Addressed to Taxi Drivers and Okada Riders in Anglophone Cameroon.
Members of the National Unions of Taxi Drivers and Okada Riders of Anglophone Cameroon
My dear comrades, Peace be with you all. The events in the last weeks and months in this country have left much to be desired concerning our future as fellow citizens of a unified Cameroon.
We are aware of the ongoing Lawyers strike in anglophone Cameroon and we all witness physically how they were beaten like Children by policemen when they attempted to match publicly in Bamenda and Buea to voice their grievances. Now, teachers in all the sub-sectors of education in anglophone Cameroon are also planning to join the lawyers on the 21st of November this month in protest to protect the English system of education, which is our cultural pride as English speaking Cameroonians.
Consequently, as road transporters who play a key role in national development, we need to send a strongly worded message to the authorities that be in solidarity with the lawyers and teachers. The marginalization of the Anglophones in this country has reached an alarming proportion. Some of us are okada and taxi drivers not because we like the job but because the present system through its exclusive tendencies has technically knocked out most of us Anglophones from the system. It may interest you to know that this writer is an Okada rider with a masters degree in political science and public administration. My attempts to get a decent job in this country as presently constituted is a story for another day.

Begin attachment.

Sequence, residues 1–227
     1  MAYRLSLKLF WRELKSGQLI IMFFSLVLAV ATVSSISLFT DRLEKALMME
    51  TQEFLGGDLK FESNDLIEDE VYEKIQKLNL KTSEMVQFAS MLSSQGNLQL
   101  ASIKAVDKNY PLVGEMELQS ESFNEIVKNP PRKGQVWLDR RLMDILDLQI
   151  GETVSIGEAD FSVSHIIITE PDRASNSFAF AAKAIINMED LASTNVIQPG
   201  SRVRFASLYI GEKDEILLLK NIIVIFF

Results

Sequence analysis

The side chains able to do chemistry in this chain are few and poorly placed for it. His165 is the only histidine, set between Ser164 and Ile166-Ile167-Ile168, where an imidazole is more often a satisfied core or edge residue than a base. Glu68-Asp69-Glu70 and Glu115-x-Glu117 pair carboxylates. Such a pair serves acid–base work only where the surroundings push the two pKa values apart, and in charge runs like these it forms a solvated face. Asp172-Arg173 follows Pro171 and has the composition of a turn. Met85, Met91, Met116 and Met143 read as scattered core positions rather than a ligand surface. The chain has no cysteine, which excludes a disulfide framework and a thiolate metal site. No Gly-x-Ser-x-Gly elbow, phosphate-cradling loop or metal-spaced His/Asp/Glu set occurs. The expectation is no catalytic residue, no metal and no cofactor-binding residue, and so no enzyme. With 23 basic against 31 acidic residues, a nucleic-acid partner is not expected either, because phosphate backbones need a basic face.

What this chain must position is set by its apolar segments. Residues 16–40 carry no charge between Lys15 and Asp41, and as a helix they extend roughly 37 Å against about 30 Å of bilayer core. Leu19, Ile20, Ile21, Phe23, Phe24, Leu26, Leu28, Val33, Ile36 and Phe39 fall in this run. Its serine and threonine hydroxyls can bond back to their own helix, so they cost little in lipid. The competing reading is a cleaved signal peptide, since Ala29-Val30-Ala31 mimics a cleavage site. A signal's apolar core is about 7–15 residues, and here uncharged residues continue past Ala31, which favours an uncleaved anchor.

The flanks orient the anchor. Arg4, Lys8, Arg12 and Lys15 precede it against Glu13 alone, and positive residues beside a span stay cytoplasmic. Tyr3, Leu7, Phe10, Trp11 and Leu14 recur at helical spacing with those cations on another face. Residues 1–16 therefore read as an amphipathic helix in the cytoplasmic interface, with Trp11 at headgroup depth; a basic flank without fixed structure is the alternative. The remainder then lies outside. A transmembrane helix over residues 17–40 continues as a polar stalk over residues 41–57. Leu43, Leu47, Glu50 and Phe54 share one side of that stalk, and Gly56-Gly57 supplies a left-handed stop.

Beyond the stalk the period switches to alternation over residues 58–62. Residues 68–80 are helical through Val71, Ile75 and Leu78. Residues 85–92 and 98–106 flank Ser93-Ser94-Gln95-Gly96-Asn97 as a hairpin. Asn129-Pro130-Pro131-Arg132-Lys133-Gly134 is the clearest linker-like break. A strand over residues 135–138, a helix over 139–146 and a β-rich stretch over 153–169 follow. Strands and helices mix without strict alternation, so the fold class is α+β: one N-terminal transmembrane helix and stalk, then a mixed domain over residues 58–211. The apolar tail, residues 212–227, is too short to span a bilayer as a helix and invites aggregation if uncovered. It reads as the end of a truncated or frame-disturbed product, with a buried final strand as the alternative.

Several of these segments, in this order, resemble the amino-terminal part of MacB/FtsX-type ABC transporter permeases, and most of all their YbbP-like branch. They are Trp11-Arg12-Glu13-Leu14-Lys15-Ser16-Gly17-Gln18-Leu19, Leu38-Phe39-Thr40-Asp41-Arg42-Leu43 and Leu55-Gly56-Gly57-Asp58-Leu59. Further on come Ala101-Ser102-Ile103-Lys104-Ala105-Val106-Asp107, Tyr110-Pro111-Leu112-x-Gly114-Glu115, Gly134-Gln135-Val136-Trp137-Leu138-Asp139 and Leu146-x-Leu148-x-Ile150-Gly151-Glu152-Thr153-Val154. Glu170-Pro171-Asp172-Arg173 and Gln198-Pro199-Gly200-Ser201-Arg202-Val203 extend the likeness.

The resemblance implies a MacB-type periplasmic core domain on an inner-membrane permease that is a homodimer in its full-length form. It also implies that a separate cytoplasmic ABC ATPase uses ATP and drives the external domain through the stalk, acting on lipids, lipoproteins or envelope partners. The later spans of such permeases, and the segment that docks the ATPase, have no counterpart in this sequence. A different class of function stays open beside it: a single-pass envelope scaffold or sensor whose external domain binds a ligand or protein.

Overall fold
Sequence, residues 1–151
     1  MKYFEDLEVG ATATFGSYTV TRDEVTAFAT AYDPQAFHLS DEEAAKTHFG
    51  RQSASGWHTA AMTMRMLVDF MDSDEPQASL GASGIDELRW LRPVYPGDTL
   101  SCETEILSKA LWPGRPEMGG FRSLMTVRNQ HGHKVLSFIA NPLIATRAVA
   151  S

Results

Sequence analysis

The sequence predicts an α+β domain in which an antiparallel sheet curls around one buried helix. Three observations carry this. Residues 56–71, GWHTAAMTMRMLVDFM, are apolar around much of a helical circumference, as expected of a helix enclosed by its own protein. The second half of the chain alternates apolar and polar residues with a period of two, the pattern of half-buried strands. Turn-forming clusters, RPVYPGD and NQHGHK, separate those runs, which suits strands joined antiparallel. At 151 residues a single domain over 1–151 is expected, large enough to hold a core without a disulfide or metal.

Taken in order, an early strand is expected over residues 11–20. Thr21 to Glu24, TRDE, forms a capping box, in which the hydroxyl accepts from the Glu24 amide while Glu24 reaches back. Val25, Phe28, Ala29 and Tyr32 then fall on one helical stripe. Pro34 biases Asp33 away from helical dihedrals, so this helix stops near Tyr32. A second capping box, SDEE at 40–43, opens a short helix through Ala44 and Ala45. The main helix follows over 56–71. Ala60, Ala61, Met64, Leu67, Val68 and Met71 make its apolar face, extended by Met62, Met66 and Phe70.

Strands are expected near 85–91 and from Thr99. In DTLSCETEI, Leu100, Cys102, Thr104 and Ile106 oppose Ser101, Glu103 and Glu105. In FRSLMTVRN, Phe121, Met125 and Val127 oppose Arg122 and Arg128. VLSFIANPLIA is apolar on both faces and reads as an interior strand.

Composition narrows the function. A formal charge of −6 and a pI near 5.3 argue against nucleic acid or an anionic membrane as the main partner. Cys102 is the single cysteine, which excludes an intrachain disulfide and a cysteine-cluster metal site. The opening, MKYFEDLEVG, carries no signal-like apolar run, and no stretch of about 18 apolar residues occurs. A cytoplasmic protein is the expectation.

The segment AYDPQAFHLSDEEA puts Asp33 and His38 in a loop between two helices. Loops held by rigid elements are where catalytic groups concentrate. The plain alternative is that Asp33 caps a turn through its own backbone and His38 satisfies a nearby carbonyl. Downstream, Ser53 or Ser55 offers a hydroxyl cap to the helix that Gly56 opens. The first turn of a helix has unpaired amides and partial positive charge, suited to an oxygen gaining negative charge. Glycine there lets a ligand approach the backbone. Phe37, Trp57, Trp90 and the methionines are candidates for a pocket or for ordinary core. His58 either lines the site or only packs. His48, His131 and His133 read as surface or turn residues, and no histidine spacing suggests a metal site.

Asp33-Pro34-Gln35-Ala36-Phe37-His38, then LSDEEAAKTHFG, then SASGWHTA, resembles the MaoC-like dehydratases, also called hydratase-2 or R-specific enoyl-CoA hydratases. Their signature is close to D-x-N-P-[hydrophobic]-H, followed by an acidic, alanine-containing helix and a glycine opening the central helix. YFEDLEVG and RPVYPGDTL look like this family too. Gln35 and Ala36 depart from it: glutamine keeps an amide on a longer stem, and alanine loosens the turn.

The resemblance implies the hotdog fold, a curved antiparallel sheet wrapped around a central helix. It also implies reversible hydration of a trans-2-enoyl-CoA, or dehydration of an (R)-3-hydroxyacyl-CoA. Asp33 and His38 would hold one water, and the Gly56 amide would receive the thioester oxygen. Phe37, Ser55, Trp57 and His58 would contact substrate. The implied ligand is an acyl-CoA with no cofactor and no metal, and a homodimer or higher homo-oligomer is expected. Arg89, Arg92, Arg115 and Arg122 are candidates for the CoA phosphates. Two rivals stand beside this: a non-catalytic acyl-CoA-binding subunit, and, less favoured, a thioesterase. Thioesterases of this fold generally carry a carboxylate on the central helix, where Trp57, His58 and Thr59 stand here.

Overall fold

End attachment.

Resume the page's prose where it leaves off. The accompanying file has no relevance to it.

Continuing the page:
I am therefore by this message suggesting that in solidarity with the teachers and lawyers, let’s all Stay at home on that 21st in the morning and start working only as from 1pm. Let’s do this till when the government decides to give adequate attention to the grievances of the teachers and lawyers. Remember some of us also have children and others will also have children in future. This fight is all about our identity as anglophones and the future of our children. We cannot any longer continue to sit and watch the Francophone regime in Yaounde, supported by some of our misguided elites treat us as second-class citizens in a country where our forefathers saw as the best alternative for us.
As we all do this, we should also pray and hope for the day that an Anglophone person will be President of this country Cameroon and when we shall all be treated as citizens of equal status with both English and French having equal status as national languages. A country where people like me will have the opportunity to get jobs that befit our level of education.
This is Alphonse Anya Asanjong, the only Okada Rider with a Masters Degree in Bamenda town and I approve this message.
Please, forward until it gets to all taxi drivers and Okada riders in North West and South West Regions of Cameroon.